Green Darners on the Move
A mere three inches long and weighing just four-hundredths of an ounce, it’s gliding on four wings thousands of feet in the air. With hundreds, maybe even thousands, of other individuals and little fanfare, it left a small Vermont pond and struck southward. Autumn is a season of migration and this Common Green Darner dragonfly is headed to warmer waters thousands of miles away, perhaps as far as Central America or the Caribbean.
Dragonfly migrations have been observed on every continent except Antarctica, with some species performing spectacular long-distance mass flights. A dragonfly called the wandering glider is the long-distance champion, making flights across the Indian Ocean that cover twice the distance of monarch butterfly migrations. In North America, dragonfly migrations occur annually in late summer and early fall, when millions of insects, hatched in the north, move southward. Of North America’s over 330 dragonfly species, only nine regularly migrate.
North America’s most abundant and widespread migrant dragonfly is the Common Green Darner. In the spring, just after the ice has disappeared from the ponds, green darners suddenly appear, well before any local dragonflies have emerged. These are migrants from the south, having flown from perhaps Florida, the Caribbean, or Mexico. They breed soon after arriving, and their nymphs develop quickly in water warmed by the spring and summer sun. Many adults emerge from the ponds in August. They feast on insects to pack on fat, perhaps increasing their weight by up to a third. But instead of breeding at their natal site, they begin a southward migration that may span a month or even longer.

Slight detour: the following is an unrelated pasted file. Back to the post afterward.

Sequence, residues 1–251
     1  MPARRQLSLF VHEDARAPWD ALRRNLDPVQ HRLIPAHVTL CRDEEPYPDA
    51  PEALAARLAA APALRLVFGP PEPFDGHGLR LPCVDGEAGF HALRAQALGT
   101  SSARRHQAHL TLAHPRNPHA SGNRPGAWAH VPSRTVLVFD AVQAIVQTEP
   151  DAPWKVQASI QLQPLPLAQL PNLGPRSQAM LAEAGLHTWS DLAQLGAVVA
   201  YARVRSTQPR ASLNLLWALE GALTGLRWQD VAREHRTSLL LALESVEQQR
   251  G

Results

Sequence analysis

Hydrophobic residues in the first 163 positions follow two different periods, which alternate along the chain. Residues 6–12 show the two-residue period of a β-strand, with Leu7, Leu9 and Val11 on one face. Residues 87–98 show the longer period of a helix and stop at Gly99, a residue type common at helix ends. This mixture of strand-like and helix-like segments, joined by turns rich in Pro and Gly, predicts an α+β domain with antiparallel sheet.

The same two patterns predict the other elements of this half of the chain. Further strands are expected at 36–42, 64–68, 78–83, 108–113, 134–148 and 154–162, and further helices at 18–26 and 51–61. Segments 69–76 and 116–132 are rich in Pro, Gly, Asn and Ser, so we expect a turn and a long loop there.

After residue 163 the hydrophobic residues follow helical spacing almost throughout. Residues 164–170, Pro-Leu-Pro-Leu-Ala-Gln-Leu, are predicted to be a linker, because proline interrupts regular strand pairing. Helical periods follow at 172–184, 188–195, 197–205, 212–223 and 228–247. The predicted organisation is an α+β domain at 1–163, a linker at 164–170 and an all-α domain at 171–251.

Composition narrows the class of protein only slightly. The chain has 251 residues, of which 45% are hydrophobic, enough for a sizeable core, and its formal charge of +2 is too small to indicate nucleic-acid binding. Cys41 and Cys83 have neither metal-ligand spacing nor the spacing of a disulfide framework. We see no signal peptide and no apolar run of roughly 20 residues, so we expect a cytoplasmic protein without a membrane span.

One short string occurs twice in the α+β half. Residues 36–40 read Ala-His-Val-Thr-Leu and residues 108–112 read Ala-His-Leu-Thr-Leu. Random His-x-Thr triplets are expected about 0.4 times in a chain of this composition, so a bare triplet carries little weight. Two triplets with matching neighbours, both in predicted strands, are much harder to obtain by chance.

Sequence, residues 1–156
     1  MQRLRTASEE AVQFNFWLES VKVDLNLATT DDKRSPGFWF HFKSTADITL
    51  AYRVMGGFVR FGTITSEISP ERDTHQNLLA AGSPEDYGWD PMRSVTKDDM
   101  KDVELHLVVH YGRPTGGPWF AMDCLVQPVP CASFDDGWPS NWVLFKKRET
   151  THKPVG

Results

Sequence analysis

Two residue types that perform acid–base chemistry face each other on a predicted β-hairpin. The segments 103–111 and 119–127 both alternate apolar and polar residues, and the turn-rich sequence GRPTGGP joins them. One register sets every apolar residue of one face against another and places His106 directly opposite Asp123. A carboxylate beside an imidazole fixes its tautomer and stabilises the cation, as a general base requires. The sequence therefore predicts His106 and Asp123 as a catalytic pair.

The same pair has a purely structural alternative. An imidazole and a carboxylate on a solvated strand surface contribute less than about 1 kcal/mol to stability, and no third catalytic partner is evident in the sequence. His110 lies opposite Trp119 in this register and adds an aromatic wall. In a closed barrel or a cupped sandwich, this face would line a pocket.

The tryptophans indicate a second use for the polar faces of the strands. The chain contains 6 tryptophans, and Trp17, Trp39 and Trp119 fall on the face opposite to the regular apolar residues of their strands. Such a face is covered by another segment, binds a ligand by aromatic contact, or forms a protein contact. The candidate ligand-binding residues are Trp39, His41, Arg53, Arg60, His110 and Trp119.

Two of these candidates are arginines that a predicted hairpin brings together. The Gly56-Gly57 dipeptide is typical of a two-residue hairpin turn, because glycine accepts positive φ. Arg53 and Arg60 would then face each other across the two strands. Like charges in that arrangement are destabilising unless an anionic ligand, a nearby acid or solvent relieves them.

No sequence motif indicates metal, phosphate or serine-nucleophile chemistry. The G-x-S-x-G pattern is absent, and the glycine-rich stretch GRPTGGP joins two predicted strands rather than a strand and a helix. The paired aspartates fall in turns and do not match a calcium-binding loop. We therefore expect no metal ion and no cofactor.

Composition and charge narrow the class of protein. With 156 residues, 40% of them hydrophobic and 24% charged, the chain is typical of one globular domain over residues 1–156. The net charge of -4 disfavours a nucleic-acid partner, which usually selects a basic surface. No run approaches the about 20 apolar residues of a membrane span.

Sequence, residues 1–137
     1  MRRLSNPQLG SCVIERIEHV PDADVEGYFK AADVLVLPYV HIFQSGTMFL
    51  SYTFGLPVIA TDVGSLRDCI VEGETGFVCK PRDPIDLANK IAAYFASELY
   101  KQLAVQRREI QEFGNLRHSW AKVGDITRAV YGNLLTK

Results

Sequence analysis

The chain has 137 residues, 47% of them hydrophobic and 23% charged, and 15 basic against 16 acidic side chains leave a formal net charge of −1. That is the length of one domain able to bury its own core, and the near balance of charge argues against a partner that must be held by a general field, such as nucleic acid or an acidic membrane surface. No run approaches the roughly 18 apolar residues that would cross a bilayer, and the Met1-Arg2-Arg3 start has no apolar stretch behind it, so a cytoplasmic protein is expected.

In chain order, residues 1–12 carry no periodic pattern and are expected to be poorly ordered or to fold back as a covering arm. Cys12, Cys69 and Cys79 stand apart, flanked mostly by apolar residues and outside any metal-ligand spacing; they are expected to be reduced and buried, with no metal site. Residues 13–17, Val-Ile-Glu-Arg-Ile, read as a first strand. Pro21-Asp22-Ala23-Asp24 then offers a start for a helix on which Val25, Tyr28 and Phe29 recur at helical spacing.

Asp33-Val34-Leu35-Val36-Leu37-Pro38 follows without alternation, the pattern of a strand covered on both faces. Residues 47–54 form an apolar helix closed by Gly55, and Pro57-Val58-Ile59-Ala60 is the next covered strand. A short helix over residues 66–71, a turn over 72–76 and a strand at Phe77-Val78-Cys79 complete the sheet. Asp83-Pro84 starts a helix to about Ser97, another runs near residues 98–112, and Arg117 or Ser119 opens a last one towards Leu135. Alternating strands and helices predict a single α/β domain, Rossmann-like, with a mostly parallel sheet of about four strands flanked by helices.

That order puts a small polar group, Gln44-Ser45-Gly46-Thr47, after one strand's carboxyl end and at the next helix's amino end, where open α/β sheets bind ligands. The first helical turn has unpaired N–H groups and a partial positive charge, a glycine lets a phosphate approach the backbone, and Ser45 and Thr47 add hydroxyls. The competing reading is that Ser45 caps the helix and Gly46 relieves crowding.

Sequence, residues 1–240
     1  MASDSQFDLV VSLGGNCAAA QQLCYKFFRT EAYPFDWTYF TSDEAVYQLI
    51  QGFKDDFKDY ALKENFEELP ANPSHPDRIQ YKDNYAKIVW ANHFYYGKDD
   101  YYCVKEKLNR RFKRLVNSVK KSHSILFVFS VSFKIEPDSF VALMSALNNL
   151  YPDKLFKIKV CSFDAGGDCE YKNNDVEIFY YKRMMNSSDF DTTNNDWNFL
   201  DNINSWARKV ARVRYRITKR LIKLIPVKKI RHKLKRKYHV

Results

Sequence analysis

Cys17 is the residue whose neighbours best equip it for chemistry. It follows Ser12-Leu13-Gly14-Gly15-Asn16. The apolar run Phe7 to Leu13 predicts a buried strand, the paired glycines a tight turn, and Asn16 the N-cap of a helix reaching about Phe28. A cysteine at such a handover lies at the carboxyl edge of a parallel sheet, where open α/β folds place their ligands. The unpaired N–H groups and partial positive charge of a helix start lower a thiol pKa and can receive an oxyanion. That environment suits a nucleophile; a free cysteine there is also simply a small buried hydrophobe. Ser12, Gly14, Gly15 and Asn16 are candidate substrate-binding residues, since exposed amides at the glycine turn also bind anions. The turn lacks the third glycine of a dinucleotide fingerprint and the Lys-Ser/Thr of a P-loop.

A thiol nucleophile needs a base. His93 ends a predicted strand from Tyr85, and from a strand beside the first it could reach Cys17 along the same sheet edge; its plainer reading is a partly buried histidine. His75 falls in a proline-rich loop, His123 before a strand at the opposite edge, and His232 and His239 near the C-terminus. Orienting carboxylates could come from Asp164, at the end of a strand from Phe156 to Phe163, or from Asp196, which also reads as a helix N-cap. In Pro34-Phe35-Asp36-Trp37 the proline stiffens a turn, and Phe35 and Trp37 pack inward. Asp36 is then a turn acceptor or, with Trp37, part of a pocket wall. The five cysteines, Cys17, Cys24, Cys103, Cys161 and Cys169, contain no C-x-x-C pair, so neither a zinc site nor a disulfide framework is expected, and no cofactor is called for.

Migrating only during daylight hours, green darners can fly more than 60 miles a day with favorable tailwinds from the north. When the winds turn against them, they stop, sometimes for several days, to dine on mosquitoes, gnats, flies and other insects until the north winds urge them onward. But no one knows where they are going exactly…but VCE biologists are working to solve the mystery.